“Have no friends not equal to yourself.”
- Confucius, The Confucian Analects
“To have little is to possess. To have plenty is to be perplexed.”
- Lao-tzu, The Way of Lao-tzu
What’s interesting about the quotes from these two great sages of humanity is a very simple common element the Chinese have endured as part of their collective soul for millennia: be wary of the world and always be aware of “more.” While the last notion is a bit of an aphorism, it is only one of the paradoxes that China faces now that it has solidified its preeminence in the world, moving ahead of Germany as the third largest economy and close on the heels of a fait acompli to overtake Japan’s long-held number two spot. Throughout its long history China has vacillated from these philosophical tenets through adherence — the Han Dynasty, the Boxer Rebellion, in a dark way Mao’s rise — yet abandoning them through the last years of the Yuan Dynasty’s failed excesses. In fact, some could argue that Deng Xiaoping’s radicalism towards economic freedom had undone these simple, long-cherished values by “unfortunately” opening the door to “western capitalist doctrine,” or conversely has emboldened these philosophies by embracing them and China’s place in a modern world.
Regardless, the result is that it has propelled China — prematurely or not — into the mantle of its global leadership role. The underlying driver of this long, slow, never-ending movement is its people’s malleability and acceptance to endure just about anything. It is in this context Chinese policy makers and the wildly paced market activity of its citizens redefine the country’s economic manifest destiny. This economic freedom is certainly tempered with a tightly controlled social and governmental control as they charge headlong (although not entirely by their design) into a Western-defined world of government, economics, finance, military, culture, health, philosophy, law, innovation and speed. We examine China’s current economic situation and impact on currencies, but also look at a broader set of inputs that could help define this great “sleeping bear” (defined commonly in the 60s and 70s in the new paradigm of their nascent, de facto global leadership role, which for better or worse will be increasingly defined by strategic military might).
China faces some interesting, highly visible global scrutiny that spans their society’s politics, economics, cultural activities, finances, military and sense of societal well-being. It’s evident that China has come a long way when we see it mentioned in the headline press about: trade sanctions against the U.S. over its Taiwanese military sales, currency revaluations, real time altering of U.S., Eurozone and Japanese balance sheets, being a lynchpin in climate change policy and even odd coverage about topics such as Stephon Marbury’s (a former NBA basketball player) entry into the Chinese league’s basketball team or having their Ministry of Finance minions meeting with the Mayor of Montgomery, Alabama. The issue they increasingly face is reflected in the Lao Tzu quote above: “... to have plenty is to be perplexed.” The flashpoint of this thought is its relationship with the U.S.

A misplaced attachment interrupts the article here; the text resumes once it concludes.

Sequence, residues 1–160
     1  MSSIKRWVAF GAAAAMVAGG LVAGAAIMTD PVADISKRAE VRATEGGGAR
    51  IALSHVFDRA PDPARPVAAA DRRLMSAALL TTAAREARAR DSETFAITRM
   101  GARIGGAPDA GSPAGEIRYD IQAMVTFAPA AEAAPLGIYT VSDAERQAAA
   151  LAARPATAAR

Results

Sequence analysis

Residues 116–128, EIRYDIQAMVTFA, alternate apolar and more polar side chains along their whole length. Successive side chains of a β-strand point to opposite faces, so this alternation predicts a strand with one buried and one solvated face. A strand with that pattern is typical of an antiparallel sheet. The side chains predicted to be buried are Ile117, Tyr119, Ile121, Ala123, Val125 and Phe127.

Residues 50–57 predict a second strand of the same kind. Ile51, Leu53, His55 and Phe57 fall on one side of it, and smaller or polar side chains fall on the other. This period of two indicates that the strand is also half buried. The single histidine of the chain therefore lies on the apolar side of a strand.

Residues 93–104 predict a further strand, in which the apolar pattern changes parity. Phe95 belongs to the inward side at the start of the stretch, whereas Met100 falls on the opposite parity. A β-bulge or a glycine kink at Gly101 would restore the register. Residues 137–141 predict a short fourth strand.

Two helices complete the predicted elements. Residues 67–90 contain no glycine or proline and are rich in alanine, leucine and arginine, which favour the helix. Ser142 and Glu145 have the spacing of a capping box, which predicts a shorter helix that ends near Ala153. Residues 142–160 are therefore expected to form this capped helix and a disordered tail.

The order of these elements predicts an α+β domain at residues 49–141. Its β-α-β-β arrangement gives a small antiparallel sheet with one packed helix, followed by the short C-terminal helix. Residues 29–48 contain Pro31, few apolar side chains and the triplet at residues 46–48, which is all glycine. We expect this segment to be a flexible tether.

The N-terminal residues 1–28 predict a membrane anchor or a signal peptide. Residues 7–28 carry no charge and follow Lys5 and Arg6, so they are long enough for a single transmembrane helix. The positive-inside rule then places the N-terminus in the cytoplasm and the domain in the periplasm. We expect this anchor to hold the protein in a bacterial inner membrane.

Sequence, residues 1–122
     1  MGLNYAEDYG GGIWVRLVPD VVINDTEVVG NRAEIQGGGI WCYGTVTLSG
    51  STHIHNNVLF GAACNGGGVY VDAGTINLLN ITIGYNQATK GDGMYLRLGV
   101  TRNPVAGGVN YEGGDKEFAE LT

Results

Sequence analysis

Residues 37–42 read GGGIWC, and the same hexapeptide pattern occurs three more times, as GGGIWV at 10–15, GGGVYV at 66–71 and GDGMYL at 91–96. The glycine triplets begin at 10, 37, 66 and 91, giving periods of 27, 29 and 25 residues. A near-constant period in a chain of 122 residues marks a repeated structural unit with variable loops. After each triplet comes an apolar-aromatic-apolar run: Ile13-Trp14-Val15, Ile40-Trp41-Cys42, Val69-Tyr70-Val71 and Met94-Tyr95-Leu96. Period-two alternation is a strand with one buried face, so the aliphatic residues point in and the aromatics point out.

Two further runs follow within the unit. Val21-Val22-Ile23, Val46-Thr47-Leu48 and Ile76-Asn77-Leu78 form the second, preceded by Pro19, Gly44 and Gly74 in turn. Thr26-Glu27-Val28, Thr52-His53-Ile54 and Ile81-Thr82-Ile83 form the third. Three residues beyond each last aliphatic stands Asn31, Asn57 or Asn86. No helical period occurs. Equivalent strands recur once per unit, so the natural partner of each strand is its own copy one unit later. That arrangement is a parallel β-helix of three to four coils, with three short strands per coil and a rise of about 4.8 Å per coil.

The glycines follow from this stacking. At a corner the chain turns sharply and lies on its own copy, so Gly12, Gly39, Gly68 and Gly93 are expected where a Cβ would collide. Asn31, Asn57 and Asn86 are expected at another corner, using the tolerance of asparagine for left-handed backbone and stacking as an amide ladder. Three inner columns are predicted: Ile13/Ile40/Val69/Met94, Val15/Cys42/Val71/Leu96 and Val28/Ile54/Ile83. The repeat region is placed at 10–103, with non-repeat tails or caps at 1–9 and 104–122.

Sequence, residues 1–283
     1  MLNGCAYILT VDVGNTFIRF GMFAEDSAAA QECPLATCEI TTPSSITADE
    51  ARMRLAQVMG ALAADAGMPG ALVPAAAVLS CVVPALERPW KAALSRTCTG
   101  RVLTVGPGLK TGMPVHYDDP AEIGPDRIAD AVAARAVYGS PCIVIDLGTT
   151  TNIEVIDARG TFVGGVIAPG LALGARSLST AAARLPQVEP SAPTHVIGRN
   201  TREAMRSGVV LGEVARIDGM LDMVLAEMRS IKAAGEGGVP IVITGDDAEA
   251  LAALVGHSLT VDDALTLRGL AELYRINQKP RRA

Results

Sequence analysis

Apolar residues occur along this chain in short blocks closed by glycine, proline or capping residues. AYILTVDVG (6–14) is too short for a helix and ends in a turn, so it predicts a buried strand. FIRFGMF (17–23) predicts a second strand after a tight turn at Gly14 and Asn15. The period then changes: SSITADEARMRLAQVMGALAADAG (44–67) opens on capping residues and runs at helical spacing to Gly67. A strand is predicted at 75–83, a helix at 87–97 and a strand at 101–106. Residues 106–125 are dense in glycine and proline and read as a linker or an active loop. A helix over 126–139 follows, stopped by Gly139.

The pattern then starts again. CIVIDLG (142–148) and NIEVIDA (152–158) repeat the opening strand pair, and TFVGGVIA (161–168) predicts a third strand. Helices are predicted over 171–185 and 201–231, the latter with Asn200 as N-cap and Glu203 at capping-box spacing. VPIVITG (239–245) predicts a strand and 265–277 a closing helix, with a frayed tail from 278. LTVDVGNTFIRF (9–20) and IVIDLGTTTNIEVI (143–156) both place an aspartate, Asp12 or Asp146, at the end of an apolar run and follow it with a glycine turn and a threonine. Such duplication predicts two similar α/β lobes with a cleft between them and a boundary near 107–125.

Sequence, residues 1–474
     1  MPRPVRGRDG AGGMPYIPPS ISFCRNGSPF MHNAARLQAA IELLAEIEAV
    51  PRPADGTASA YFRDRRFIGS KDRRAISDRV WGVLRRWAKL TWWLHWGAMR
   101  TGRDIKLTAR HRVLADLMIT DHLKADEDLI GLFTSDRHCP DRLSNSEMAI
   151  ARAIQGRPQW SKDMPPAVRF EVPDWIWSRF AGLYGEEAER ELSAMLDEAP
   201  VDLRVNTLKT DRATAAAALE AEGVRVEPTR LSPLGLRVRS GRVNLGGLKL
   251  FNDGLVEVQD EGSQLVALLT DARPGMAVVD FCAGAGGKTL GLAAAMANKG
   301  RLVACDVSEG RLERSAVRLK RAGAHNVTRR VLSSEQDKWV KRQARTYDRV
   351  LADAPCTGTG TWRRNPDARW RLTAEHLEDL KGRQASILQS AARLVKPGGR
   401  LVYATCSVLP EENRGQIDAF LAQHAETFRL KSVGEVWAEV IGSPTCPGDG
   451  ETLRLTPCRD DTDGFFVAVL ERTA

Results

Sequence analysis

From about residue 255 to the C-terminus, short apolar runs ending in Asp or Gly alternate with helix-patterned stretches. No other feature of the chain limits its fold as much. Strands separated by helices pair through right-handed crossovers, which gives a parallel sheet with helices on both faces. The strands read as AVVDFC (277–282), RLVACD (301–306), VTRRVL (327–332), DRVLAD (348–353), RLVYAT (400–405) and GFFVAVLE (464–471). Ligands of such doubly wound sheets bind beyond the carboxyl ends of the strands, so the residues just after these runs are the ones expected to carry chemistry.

First Front: The Economy
The foundation of the U.S. – China relationship is the economy. The U.S. has never had a complete rival during the 20th century that has challenged it both economically AND militarily. The U.S. still has no competitors yet, but it is the most vulnerable it has ever been in this century on both fronts. However, when China is pitted against the U.S. in terms of how it views its global leadership role, a representative viewpoint is expressed by a Chinese official quoted in the November 11, 2009 edition of The Nation who said, "When America talks about strategy, it implies military, security, confrontation. In China, we have a much broader view of the idea of 'strategy.' We mean something that is long-term and systematic." This distinction will drive what makes for successful long-term strategy. We’ll examine what could be considered the proverbial three legs of the leadership stool: the economy, the military, and society.
Fiscal Stimulus, Lending, Overheating?
A big question in 2010, as a result of the quite effective USD $400 billion fiscal stimulus of 2009, is whether China is spawning another bubble or whether they have sound economic growth. The quick answer very much seems to be the latter. Why? The government, rightly, acted quickly to ward off an overheating economy by recognizing the limits and usefulness of its fiscal stimulus. The stimulus was directed almost solely at increasing bank lending to spur domestic demand. As a result, that surge in bank lending and public works spending boosted investment to a nearly unprecedented degree. The National Bureau of Statistics (NBS) says capital formation contributed 92.3 percent of China’s economic growth in 2009, or eight percentage points of the 8.7 percent overall growth rate. Final consumption contributed 4.6 percentage points or more than 60 percent of the growth. To offset this — and the market is nodding its approval — it is limiting bank lending.
New yuan loans are likely to be capped at around 7.5 trillion yuan this year. Analysts say the decision to hike the amount of money banks must park at the central bank by 0.5 percentage points will have minimal impact on banks’ profitability and won’t hurt their capability to lend. Every 0.5 percentage-point hike in the reserve requirement ratio would cut banks’ net interest margin (a key factor that determines banks’ profitability in China) by a mere 0.006 percentage points and earnings by 0.4 percent.
A strong punctuation point to ward off excess non-productive capital was its somewhat surprising move in early February when the People’s Bank of China (PBOC) hiked the Reserve Ratio Requirement (RRR) by 50 bps to 16 percent for large commercial banks and 14 percent for small banks. Given the rapid growth in the economy and increasing inflationary pressures, moves along the tightening path (after lending was curtailed in H209) is welcome to prevent further overheating. That said, the 50 bps hike in the RRR is without much bite, given the level of excess reserves at the PBOC. Thus we expect further tightening measures to control inflation will be implemented in coming months and should have the intended effect of maintaining an 8-10 percent growth rate for the year without causing unnecessary inflation or boom-bust anomalies. Another area of risk for stable and rapid growth stems again from fears of a property and or stock bubbles.